I hope it's obvious that I have omitted some minor technicalities (e.g. I never mentioned that "left multiplication by g" is required to be a smooth function by the definition of "Lie group"). If you're wondering if I could have used right multiplication instead of left, the answer is yes. The result would have been a Lie algebra that's isomorphic to this one.

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that takes each point p
A small philosophical point ( ) here Fredrik.

I prefer the expression "associates with each point p" rather than the operator language which suggests that once the operation is concluded you no longer have the original.

In fact the uses we want here mean that we must have both the original and the resultant of the association together.

haushofer
Ah, thnx. Is this the natural generalisation when doing QFT on curved space? That the bras are contravariant components and the kets covariant components.
"Contra" and "co" says something about how the components of an object transform under coordinate transformations; if the objects transform oppositely to the basis vectors you call the components "contravariant", and if they transform the same as the basis vectors then you call them "covariant". This can be defined for any vector space, so I would say also for Hilbert spaces. Mathematicians would speak about "vectors" and "covectors", living in the tangent and cotangent space; the vectors themselves don't change under these transformations, because they are defined without any reference to coordinates. Coordinates are just labels!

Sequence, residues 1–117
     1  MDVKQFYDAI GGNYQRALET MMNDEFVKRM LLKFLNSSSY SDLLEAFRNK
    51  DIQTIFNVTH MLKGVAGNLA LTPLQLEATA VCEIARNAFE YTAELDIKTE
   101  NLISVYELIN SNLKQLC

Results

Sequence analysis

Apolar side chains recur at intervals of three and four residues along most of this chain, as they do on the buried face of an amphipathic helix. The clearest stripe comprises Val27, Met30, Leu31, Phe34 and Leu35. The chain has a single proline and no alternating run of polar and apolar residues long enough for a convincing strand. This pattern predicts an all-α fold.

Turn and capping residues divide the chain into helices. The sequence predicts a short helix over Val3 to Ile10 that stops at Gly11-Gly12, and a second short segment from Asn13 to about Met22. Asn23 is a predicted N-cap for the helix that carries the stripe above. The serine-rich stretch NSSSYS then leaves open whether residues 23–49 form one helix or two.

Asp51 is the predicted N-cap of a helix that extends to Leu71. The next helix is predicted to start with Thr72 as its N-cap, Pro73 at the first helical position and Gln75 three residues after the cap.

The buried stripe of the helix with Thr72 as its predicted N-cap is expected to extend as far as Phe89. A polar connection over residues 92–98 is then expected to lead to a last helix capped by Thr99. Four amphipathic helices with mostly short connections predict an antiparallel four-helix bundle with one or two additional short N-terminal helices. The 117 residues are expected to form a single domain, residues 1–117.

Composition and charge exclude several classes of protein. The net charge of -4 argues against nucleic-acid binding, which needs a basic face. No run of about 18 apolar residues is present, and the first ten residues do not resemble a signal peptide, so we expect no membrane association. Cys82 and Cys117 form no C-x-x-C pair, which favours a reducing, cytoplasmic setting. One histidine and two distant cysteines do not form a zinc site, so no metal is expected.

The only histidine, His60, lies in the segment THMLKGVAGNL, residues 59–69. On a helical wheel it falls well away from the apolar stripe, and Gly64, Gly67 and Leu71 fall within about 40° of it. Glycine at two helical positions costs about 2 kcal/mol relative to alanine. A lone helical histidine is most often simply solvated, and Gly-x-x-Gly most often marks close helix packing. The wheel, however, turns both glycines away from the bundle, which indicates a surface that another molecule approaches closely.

These covectors are functionals acting on vectors, giving back a number. And vice versa. That's the analogy with bra's and kets; if I have a bra <x|, I can act with it on a ket |x> to obtain

<x|y> = ...

which is a complex number in QM. Because under a unitary transformation

|x> --> U |x>

and

<y| --> <y|U^{-1}

this thing <x|y> is invariant under these unitary transformations.

In the same way you can view a dual vector omega as a functional acting on a vector X to give back a number,

omega(X) = ...

where the brackets mean "acting on". Or the other way around,

X(omega) = ...

Fredrik
Staff Emeritus
Gold Member
Ah, thnx. Is this the natural generalisation when doing QFT on curved space? That the bras are contravariant components and the kets covariant components.